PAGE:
The strongest hurricane to ever hit the Florida panhandle made landfall early Wednesday afternoon and surprised experts by maintaining Category 4 winds as it barreled north.
Michael was just two miles per hour short of Category 5 status of 157 mph winds at landfall, making it the strongest storm to make landfall in the continental U.S. since Hurricane Andrew in 1992.
Hours after landfall, Michael became a Category 3 hurricane with 125 mph winds as its track shifted easterly toward Alabama and Georgia.
While the storm will be well south of the tristate area as it moves toward the coast on Thursday, it will bring drenching rain and possible thunderstorms.
A Flash Flood Watch has been issued for all of Eastern New York and Western New England from Thursday morning through late Thursday night.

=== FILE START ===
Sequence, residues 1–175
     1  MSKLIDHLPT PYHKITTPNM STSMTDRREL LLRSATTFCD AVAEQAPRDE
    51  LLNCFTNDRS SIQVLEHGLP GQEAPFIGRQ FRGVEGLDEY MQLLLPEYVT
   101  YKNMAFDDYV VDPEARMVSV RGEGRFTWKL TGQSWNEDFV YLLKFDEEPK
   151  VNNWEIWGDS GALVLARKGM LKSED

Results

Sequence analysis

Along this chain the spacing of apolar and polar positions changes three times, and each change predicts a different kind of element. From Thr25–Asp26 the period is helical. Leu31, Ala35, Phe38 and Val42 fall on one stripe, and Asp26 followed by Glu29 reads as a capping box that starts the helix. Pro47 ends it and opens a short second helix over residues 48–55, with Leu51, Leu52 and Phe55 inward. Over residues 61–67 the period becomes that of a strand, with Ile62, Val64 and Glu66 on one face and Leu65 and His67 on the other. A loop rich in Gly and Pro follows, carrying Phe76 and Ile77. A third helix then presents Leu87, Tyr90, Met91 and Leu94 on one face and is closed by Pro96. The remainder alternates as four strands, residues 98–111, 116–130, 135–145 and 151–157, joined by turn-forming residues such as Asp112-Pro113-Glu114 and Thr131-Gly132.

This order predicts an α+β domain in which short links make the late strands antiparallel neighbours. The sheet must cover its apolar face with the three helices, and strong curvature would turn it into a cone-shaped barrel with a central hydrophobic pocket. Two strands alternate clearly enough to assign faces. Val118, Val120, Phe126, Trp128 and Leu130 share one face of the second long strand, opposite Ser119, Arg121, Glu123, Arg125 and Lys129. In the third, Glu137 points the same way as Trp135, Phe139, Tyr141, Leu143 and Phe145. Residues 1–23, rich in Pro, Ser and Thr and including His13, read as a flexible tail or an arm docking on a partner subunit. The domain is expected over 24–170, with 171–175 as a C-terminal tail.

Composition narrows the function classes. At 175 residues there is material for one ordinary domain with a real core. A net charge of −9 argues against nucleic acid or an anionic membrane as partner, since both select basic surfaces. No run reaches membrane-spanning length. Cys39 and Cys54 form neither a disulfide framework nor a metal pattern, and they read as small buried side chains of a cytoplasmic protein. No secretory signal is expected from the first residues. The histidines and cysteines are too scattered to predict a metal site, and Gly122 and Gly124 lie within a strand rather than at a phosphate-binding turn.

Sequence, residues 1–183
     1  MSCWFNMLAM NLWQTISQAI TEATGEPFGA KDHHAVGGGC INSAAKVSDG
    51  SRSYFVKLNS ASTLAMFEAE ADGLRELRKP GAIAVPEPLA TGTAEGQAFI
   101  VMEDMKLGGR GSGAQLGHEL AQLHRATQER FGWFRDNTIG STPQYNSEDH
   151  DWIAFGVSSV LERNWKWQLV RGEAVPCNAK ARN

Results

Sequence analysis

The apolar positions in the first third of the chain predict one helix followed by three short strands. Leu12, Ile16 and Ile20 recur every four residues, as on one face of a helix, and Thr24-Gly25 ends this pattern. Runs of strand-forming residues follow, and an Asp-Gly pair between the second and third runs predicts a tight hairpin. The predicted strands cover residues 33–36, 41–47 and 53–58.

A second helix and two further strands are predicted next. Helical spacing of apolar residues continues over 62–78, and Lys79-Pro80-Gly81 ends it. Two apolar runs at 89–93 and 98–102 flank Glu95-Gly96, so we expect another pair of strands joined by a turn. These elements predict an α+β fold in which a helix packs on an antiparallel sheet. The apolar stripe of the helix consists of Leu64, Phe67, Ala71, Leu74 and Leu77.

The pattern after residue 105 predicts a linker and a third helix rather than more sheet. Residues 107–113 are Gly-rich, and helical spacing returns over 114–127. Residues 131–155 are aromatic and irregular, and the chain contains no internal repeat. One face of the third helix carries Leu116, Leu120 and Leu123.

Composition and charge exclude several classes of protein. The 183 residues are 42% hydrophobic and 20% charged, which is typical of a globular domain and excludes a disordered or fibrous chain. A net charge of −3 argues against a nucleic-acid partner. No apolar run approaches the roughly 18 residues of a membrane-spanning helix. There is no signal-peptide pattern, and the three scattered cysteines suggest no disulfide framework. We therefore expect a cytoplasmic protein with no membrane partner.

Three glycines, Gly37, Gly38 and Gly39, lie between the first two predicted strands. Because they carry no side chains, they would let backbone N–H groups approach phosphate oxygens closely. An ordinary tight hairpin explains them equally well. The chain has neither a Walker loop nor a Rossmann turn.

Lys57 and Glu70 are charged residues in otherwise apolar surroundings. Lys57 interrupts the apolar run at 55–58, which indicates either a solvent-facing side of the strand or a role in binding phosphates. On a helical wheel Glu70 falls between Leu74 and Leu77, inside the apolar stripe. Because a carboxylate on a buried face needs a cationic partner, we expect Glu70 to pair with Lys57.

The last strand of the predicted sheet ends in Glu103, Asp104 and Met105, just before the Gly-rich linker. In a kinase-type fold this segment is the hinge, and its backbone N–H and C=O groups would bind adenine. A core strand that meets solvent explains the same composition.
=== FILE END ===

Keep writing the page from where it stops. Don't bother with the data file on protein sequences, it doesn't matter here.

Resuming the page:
Bands of showers and isolated thunderstorms, some with locally heavy downpours, will move across the area ahead of an approaching cold front as tropical moisture moves into the region.
A widespread 1 to 2 inches rainfall is expected, but rainfall rates as high as up to an inch an hour are possible.
Flash flooding is possible especially in low lying and poor drainage areas as well as creeks, brooks, and small streams as water levels are running above normal.
Any heavy rainfall that occurs within a one- to three-hour window may result in flash flooding.
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